Security risks involved with running Telnet client and server

Often administrators are reluctant to run Telnet on their computers. In fact, the Windows operating system does not enable Telnet on the machine by default. This article talks about the risks involved and some misconceptions related to Telnet.

Before going any further, it is important to understand the difference between a Telnet Client and Telnet Server.

Telnet Server vs Telnet Client

A telnet server was initially designed in 1969 to allow command line access to a remote computer. Once connected to the server, a remote user can run any command that would usually be available locally. For instance, a remote user could spawn/terminate processes, add, remove or modify files, and completely shut down a system.

On the other hand, a Telnet client is a simple TCP/IP client that can connect to ANY TCP/IP server. A common misconception is that a telnet client can only connect to a telnet server.

Security Risks Associated With Telnet Server

There are several security risks associated with a Telnet Server:

  • Communication is not encrypted. Therefore, using it over an unsecured channel is risky.
  • No provision exists for using public/private keys. Users are authenticated using passwords in the clear.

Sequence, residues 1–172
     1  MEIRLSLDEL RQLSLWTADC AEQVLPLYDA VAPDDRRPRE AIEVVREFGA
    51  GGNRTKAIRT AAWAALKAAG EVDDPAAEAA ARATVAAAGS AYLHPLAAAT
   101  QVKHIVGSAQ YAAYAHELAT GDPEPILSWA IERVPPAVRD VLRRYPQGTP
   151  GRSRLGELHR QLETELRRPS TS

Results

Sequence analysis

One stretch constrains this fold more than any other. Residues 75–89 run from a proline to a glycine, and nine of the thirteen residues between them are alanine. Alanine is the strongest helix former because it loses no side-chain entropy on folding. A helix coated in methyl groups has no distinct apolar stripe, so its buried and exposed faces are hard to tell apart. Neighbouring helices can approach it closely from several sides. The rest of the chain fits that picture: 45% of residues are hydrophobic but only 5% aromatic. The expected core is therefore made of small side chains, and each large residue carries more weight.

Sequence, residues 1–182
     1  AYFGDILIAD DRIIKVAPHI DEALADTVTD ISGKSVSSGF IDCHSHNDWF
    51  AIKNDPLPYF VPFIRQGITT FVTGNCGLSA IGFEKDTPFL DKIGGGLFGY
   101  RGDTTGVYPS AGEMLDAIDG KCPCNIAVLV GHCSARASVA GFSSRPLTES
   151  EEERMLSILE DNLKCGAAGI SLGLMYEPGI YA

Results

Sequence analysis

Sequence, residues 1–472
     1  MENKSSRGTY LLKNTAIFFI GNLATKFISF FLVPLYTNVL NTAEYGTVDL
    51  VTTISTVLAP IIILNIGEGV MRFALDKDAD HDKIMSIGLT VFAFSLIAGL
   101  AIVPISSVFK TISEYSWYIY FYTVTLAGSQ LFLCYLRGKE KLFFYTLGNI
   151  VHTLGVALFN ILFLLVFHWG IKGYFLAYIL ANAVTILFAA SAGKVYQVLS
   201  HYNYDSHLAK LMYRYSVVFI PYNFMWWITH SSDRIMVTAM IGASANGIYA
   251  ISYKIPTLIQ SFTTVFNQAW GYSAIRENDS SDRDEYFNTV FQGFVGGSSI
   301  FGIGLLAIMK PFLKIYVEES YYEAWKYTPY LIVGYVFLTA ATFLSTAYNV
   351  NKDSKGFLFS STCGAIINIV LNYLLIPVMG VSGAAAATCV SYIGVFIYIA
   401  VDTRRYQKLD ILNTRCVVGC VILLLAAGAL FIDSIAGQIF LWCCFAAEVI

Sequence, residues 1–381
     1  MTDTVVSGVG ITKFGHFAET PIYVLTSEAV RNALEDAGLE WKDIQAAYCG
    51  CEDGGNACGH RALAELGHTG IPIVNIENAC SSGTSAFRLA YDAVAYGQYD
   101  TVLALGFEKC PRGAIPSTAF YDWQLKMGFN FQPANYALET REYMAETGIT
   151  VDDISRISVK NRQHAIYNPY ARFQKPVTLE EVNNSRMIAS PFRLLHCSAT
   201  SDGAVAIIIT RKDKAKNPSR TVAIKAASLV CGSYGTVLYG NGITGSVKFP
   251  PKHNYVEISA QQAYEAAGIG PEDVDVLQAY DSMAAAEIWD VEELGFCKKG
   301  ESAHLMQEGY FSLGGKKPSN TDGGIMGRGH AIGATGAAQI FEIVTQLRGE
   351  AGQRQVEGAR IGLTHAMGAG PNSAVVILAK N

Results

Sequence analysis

• It can be used to guess passwords. Writing a program that can guess passwords on a server is very easy.

Therefore, it is strongly recommended not to enable a Telnet Server on your machine.

Security Risks Associated With Telnet Client

Telnet client by itself does not pose any risks. In fact, a Telnet client is an excellent tool for debugging TCP/IP servers. Here are a couple of examples:

Example 1

The following command connects to an HTTP server to fetch the home page:

telnet 80

This command connects to Microsoft's HTTP server on port 80. You will see a blank screen once a connection is established, confirming the server is listening.

Example 2

The following command connects to Synametrics' SMTP server on port 25:

telnet 25

When connecting to an SMTP server, you should see an SMTP banner from the server confirming its existence.

Both examples above show how to connect to any TCP/IP server using the Telnet Client. Once connected, you can optionally send further commands to that server. For example, you could send a full email to an SMTP server using Telnet.


Think of Telnet Server as the front door of your house and the client as a vehicle to get there. If you leave the front door open, any unauthorized individual could get in and ruin your house. On the other hand, a vehicle can be used for several purposes, and there is no harm in using it to visit other places.


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